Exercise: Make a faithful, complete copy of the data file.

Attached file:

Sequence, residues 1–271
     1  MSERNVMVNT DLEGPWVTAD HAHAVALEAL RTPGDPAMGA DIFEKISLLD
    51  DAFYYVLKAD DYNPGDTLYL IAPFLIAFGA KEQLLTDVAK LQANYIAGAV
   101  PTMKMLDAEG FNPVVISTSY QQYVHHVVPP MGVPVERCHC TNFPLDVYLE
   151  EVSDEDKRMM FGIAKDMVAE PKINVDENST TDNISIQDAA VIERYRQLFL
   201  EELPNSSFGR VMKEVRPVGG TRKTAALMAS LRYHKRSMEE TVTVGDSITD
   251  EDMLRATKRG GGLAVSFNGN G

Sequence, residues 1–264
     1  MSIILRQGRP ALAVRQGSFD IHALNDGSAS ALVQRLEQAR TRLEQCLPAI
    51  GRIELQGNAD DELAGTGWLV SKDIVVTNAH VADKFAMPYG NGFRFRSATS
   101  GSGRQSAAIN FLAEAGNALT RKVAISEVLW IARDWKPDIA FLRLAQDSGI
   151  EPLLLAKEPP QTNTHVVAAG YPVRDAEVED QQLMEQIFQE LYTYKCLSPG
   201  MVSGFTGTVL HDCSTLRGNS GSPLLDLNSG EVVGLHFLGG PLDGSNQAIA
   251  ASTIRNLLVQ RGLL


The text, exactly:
Sequence, residues 1–271
     1  MSERNVMVNT DLEGPWVTAD HAHAVALEAL RTPGDPAMGA DIFEKISLLD
    51  DAFYYVLKAD DYNPGDTLYL IAPFLIAFGA KEQLLTDVAK LQANYIAGAV
   101  PTMKMLDAEG FNPVVISTSY QQYVHHVVPP MGVPVERCHC TNFPLDVYLE
   151  EVSDEDKRMM FGIAKDMVAE PKINVDENST TDNISIQDAA VIERYRQLFL
   201  EELPNSSFGR VMKEVRPVGG TRKTAALMAS LRYHKRSMEE TVTVGDSITD
   251  EDMLRATKRG GGLAVSFNGN G

Sequence, residues 1–264
     1  MSIILRQGRP ALAVRQGSFD IHALNDGSAS ALVQRLEQAR TRLEQCLPAI
    51  GRIELQGNAD DELAGTGWLV SKDIVVTNAH VADKFAMPYG NGFRFRSATS
   101  GSGRQSAAIN FLAEAGNALT RKVAISEVLW IARDWKPDIA FLRLAQDSGI
   151  EPLLLAKEPP QTNTHVVAAG YPVRDAEVED QQLMEQIFQE LYTYKCLSPG
   201  MVSGFTGTVL HDCSTLRGNS GSPLLDLNSG EVVGLHFLGG PLDGSNQAIA
   251  ASTIRNLLVQ RGLL